Stop one automation triggering another

I have a physical switch trigger a ‘bedtime’ script that turns off all lights, the TV, etc.
The problem is I also have an automation that turns some lights on when the TV is turned off. So what happens is the the bedtime script turns off the TV and lights, then the TV automation sees the TV go off and turns some lights back on.
Is there a way for the TV automation to only respond when ‘TV off’ is not triggered by the script?

In the bedtime actions, turn off the TV light automation with the homeassistant.turn_off service, do your bedtime routine then turn the automation back on.

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Add this as a condition to your TV automation:

condition: "{{ (now()|as_timestamp - state_attr('automation.bedtime_script', 'last_triggered')|as_timestamp) > 5 }}"

EDIT: @tom_l’s solution is more elegant.

Thanks guys, you’re like ninjas!
Both good solutions. I’ll look at implementing one of them.
Edit: Based on @Troon 's edit I will go with @tom_l 's solution :slight_smile:

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If this switch’s state is visible in Home Assistant, it can be used in a State Condition within the script (that turns on lights when the TV is turned off).

If it’s not visible, or merely a stateless pushbutton, then that idea won’t work.

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FWIW, the technique of one software component disabling another is not a ‘best practice’. By “disabling” I don’t mean simply influencing the other’s behavior but outright shutting it down.

It’s an expedient technique, that I have seen suggested more than a few times, but it isn’t optimal. Aside from the questionable design philosophy, one loses the ability to definitively and reliably disable an automation.

For example, if you had a good reason to turn off an automation (due to a malfunction that you intend to resolve at a later time) you can’t be certain it will stay off. You might have one or more other automations that will turn it back on. (As luck would have it, it will probably be turned on at the worst possible moment.)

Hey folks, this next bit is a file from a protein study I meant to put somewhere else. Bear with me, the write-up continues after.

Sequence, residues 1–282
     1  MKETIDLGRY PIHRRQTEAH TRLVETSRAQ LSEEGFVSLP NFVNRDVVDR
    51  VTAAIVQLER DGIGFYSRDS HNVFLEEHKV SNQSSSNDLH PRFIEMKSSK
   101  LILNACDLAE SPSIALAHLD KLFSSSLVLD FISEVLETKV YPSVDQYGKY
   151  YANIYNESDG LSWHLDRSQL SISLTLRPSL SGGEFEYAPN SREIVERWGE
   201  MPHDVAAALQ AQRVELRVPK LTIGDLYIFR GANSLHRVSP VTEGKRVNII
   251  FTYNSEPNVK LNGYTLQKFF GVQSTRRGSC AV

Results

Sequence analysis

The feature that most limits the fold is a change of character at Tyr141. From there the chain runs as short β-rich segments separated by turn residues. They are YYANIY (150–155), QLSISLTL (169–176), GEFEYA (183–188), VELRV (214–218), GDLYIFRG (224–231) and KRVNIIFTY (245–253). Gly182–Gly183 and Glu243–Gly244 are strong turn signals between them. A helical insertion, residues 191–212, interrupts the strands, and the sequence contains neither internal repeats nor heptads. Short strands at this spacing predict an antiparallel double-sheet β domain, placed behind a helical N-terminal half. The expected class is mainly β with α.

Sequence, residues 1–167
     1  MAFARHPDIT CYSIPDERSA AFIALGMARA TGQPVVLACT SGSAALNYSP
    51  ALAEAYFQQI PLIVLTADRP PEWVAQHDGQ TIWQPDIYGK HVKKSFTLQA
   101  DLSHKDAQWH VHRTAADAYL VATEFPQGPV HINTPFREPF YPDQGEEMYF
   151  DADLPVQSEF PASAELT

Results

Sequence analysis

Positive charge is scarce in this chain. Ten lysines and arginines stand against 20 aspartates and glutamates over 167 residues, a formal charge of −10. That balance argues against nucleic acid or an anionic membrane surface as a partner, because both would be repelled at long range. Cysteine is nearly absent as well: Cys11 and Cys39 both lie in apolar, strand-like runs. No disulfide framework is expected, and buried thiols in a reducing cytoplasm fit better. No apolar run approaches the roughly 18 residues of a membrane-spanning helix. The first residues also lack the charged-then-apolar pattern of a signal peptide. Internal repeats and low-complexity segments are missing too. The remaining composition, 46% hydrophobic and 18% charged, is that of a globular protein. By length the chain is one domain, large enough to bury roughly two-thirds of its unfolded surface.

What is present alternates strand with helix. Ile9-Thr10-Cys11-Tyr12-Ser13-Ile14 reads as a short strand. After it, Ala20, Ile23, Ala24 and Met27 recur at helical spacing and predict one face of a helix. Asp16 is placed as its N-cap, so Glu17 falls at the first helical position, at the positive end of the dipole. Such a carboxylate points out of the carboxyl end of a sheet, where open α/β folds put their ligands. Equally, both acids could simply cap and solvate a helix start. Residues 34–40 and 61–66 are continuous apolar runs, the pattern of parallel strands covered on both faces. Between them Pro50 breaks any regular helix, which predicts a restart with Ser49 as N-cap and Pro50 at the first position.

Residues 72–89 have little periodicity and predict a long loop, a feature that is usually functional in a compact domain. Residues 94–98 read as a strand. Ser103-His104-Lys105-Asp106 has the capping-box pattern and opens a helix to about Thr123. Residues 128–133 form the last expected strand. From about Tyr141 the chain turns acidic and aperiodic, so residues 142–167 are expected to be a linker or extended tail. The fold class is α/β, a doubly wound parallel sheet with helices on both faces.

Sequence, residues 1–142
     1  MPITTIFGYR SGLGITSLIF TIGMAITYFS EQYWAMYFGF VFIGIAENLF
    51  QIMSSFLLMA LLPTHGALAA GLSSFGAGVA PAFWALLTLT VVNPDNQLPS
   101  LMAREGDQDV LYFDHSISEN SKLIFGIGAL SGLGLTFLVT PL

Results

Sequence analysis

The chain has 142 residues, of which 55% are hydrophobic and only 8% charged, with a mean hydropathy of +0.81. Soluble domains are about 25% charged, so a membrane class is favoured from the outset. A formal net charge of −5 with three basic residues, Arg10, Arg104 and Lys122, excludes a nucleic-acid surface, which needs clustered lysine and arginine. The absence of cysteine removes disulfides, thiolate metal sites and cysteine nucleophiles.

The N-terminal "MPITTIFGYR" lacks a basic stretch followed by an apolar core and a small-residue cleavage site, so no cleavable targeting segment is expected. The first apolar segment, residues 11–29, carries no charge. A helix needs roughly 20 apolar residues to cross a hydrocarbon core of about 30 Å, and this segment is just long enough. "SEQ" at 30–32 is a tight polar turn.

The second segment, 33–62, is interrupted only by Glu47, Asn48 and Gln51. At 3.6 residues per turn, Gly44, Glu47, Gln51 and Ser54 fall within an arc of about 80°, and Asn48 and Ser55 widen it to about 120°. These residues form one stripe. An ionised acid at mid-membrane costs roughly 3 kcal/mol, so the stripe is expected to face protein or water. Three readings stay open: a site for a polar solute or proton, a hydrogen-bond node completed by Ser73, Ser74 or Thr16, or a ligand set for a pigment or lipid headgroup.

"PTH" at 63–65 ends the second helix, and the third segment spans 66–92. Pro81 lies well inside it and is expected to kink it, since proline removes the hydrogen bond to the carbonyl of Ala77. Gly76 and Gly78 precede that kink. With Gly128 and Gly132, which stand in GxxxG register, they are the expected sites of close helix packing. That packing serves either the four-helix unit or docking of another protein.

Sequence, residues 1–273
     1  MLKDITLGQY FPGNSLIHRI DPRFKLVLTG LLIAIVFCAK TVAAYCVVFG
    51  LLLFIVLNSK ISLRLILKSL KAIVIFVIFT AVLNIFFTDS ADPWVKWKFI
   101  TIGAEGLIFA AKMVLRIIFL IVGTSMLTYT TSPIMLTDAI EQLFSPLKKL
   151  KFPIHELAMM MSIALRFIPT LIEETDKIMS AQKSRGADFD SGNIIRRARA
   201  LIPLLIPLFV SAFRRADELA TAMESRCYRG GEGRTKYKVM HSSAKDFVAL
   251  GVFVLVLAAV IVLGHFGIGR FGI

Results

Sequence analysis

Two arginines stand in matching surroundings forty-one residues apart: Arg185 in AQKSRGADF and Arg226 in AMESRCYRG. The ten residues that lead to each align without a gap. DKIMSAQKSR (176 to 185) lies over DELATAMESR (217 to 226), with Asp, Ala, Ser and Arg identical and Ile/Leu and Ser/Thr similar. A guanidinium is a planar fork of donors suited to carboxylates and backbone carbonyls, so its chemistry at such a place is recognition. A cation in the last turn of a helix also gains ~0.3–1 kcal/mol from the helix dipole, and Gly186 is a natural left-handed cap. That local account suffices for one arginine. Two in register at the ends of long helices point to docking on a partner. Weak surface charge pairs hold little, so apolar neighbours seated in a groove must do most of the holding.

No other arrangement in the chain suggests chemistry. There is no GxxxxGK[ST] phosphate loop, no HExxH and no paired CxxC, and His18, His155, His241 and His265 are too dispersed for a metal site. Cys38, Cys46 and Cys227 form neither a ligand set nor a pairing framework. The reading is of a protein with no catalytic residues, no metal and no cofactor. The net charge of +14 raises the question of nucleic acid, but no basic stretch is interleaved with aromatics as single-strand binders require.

Optimally, each automation has access to all inputs needed to properly guide its behavior. Short of that, a global “flag” can be used (like an input_boolean) to signal one automation’s intentions to others (and thereby influence their behavior, not disable them outright).

Imagine a team sport. Each player knows their role. Their individual actions are influenced by the actions of their team mates.

You pull a player out if they are injured, fatigued, or under-performing. You don’t pull a player out to temporarily stop them from performing their role. You train them to be better at it. That might even require changing the behavior of other team mates so everyone works together more effectively.


You could store the state of the automation prior to turning it off, and only turn it back on if it was already on prior to the automation running.
I done that in another system (Tasker) where is has been useful to compare the previous state of something with the new state. Although I don’t know how to do it in HA.

If one is willing to do that then they might as well use a ‘flag’, as a signaling technique, to allow one automation to influence the behavior of another.